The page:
Interior Department takes comments on federal coal leasing
A series of listening sessions on the federal coal leasing program began Wednesday in Washington, D.C.
The discussions will come to Denver on Aug. 18.
The U.S. Department of the Interior and Bureau of Land Management are hosting the sessions in an effort to seek public comment on how the BLM can ensure that the American taxpayers receive a fair return on federal coal resources.
BLM is responsible for leasing coal on approximately 570 million federally owned acres. Over the past 10 years, BLM-managed lands produced around 5.1 billion tons of coal valued over $72 billion. According to BLM, this production generated $7.9 billion in royalties and nearly $4 billion in revenues from rents, bonuses, and other payments.
“Coal is going to continue to be an important part of our nation’s energy mix in the future,” said Interior Secretary Sally Jewell earlier this month at the Center for Strategic International Studies. “But the Government Accountability Office, our inspector general, and members of Congress from both sides of the aisle agree that the federal coal program needs reform.”
One of the main aspects of the program being considered for revision is the royalty rate for coal. Proponents of modifications to coal leasing told DOI and BLM on Wednesday that coal companies are gaming the system to avoid the 12.5 percent royalty rate established by federal statute.
“Americans should get a fair return on all federally owned resources,” said David Burns, Sierra Club member, at Wednesday’s session. “By many estimates this flawed system has resulted in losses of nearly $30 billion over the last 30 years.”
In the immediate vicinity of Craig there are two coal mines, Colowyo and Trapper, and the second-largest coal fired power plant in Colorado, Craig Station. Tri-State Generation and Transmission Association owns Colowyo mine and operates Craig Station.
Drew Kramer, public affairs manager for Tri-State, wrote in a statement, “While we are still studying proposals from the U.S. Department of the Interior to amend the federal coal program, we are concerned about any changes that would unreasonably drive up costs for our 44 not-for-profit member electric cooperatives and public power districts. We do appreciate that the BLM will be holding a number of listening sessions across the west, and we do plan to participate in the Aug. 18 session here in the Denver metro area.”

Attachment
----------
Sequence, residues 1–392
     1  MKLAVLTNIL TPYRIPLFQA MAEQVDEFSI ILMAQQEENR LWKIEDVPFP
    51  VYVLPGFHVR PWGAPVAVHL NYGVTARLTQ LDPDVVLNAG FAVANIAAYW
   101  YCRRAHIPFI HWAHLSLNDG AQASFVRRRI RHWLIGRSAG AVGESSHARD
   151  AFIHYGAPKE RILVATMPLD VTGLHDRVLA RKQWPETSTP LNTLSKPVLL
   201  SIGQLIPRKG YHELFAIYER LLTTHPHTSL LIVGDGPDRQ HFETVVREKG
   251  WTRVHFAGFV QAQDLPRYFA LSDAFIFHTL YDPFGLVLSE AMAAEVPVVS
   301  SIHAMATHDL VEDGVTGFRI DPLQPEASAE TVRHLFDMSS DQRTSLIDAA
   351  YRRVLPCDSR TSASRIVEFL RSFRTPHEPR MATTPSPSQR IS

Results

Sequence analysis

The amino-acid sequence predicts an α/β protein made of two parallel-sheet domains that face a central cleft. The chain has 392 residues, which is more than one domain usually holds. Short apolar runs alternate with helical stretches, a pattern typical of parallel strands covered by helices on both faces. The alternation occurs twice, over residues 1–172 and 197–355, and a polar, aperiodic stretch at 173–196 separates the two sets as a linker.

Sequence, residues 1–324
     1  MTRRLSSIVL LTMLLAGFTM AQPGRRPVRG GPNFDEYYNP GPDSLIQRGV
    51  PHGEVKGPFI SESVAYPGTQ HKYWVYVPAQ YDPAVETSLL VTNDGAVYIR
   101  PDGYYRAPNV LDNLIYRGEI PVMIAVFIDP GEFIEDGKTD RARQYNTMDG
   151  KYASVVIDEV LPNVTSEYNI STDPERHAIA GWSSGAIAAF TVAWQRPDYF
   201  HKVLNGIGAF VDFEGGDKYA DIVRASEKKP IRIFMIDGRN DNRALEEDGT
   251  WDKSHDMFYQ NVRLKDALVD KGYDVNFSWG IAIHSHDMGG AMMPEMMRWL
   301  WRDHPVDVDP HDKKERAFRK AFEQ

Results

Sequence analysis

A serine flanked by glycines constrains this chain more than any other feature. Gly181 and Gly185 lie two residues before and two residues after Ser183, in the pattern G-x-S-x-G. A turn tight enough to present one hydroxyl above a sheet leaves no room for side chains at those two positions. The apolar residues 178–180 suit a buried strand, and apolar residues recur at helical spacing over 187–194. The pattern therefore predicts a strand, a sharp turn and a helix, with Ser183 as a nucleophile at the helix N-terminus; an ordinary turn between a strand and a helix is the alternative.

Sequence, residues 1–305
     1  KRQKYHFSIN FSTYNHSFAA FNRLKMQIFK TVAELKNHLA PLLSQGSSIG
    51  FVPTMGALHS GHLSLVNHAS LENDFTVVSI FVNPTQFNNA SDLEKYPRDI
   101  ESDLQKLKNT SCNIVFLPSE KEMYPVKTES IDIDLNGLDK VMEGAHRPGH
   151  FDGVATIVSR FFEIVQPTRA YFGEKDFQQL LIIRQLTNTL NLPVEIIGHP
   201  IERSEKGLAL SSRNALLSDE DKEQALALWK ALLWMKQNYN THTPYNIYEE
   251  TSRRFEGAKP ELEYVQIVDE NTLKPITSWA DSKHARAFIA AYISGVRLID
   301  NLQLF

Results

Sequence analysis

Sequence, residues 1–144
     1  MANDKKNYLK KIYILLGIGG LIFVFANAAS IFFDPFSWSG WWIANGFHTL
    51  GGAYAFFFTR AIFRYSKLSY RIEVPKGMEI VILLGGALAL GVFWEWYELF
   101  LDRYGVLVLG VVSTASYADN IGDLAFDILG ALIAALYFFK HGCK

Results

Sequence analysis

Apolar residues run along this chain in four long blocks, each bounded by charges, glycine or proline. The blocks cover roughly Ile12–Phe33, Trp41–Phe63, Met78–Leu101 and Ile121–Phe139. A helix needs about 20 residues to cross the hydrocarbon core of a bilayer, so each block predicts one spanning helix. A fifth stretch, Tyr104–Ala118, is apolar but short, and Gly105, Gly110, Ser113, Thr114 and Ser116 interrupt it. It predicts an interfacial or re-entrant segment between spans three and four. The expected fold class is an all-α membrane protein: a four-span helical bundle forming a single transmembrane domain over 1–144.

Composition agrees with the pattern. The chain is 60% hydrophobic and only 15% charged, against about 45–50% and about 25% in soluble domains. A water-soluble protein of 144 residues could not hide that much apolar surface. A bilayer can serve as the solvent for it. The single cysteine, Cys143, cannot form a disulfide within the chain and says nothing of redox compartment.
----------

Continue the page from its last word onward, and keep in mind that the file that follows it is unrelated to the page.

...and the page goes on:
Jeremy Nichols, Climate and Energy Program director for the environmental advocacy group WildEarth Guardians, said he appreciates Jewell’s effort to create dialogue about modernizing the nation’s coal program.
“We’ve got to come up with a plan that not only deals with royalties but deals with the climate implications here and really does chart the federal coal program on the path toward keeping it in the ground,” he said.
Wednesday’s meeting was the first in a series of five listening sessions on revisions to the federal coal program hosted by the Department of the Interior.
Future sessions include:
• Aug. 11, 1 to 4 p.m., at the Hampton Inn Lewis and Clark Conference Center, Billings, Montana.
• Aug. 13, 1 to 4 p.m., at the Campbell County Library Wyoming Room, Gillette, Wyoming.
• Aug. 18, 1 to 4 p.m., at the Marriott Denver West, Denver.
Aug. 20, 1 to 4 p.m., at the Courtyard Marriott, Farmington, New Mexico.
7:00 a.m. Near the intersection of First Street and U.S. Highway 40, police in Craig responded to a property damage crash call. Officers investigated an accident between two pickup trucks.